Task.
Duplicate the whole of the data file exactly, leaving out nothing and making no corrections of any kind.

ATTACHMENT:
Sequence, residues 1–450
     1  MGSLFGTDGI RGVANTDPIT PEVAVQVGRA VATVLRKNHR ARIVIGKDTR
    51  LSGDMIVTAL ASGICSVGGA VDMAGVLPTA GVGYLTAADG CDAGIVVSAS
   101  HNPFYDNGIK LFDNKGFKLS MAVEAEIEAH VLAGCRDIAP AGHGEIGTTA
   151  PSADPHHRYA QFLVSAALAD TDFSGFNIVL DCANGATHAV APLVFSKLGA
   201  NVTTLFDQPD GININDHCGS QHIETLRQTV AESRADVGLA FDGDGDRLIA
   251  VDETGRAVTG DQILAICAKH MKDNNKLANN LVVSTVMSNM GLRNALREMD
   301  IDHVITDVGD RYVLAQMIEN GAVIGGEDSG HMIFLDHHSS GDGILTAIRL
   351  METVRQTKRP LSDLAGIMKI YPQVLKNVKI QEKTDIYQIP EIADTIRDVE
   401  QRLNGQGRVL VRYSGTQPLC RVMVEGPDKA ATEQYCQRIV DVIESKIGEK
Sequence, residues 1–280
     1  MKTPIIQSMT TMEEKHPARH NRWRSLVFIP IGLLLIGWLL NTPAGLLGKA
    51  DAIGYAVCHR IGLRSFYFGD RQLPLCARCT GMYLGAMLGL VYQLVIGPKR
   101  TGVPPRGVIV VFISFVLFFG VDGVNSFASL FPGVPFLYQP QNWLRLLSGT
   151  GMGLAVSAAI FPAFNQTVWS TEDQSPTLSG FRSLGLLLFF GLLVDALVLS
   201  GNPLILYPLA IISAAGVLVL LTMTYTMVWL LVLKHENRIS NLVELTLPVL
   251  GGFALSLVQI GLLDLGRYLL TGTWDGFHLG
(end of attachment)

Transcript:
Sequence, residues 1–450
     1  MGSLFGTDGI RGVANTDPIT PEVAVQVGRA VATVLRKNHR ARIVIGKDTR
    51  LSGDMIVTAL ASGICSVGGA VDMAGVLPTA GVGYLTAADG CDAGIVVSAS
   101  HNPFYDNGIK LFDNKGFKLS MAVEAEIEAH VLAGCRDIAP AGHGEIGTTA
   151  PSADPHHRYA QFLVSAALAD TDFSGFNIVL DCANGATHAV APLVFSKLGA
   201  NVTTLFDQPD GININDHCGS QHIETLRQTV AESRADVGLA FDGDGDRLIA
   251  VDETGRAVTG DQILAICAKH MKDNNKLANN LVVSTVMSNM GLRNALREMD
   301  IDHVITDVGD RYVLAQMIEN GAVIGGEDSG HMIFLDHHSS GDGILTAIRL
   351  METVRQTKRP LSDLAGIMKI YPQVLKNVKI QEKTDIYQIP EIADTIRDVE
   401  QRLNGQGRVL VRYSGTQPLC RVMVEGPDKA ATEQYCQRIV DVIESKIGEK
Sequence, residues 1–280
     1  MKTPIIQSMT TMEEKHPARH NRWRSLVFIP IGLLLIGWLL NTPAGLLGKA
    51  DAIGYAVCHR IGLRSFYFGD RQLPLCARCT GMYLGAMLGL VYQLVIGPKR
   101  TGVPPRGVIV VFISFVLFFG VDGVNSFASL FPGVPFLYQP QNWLRLLSGT
   151  GMGLAVSAAI FPAFNQTVWS TEDQSPTLSG FRSLGLLLFF GLLVDALVLS
   201  GNPLILYPLA IISAAGVLVL LTMTYTMVWL LVLKHENRIS NLVELTLPVL
   251  GGFALSLVQI GLLDLGRYLL TGTWDGFHLG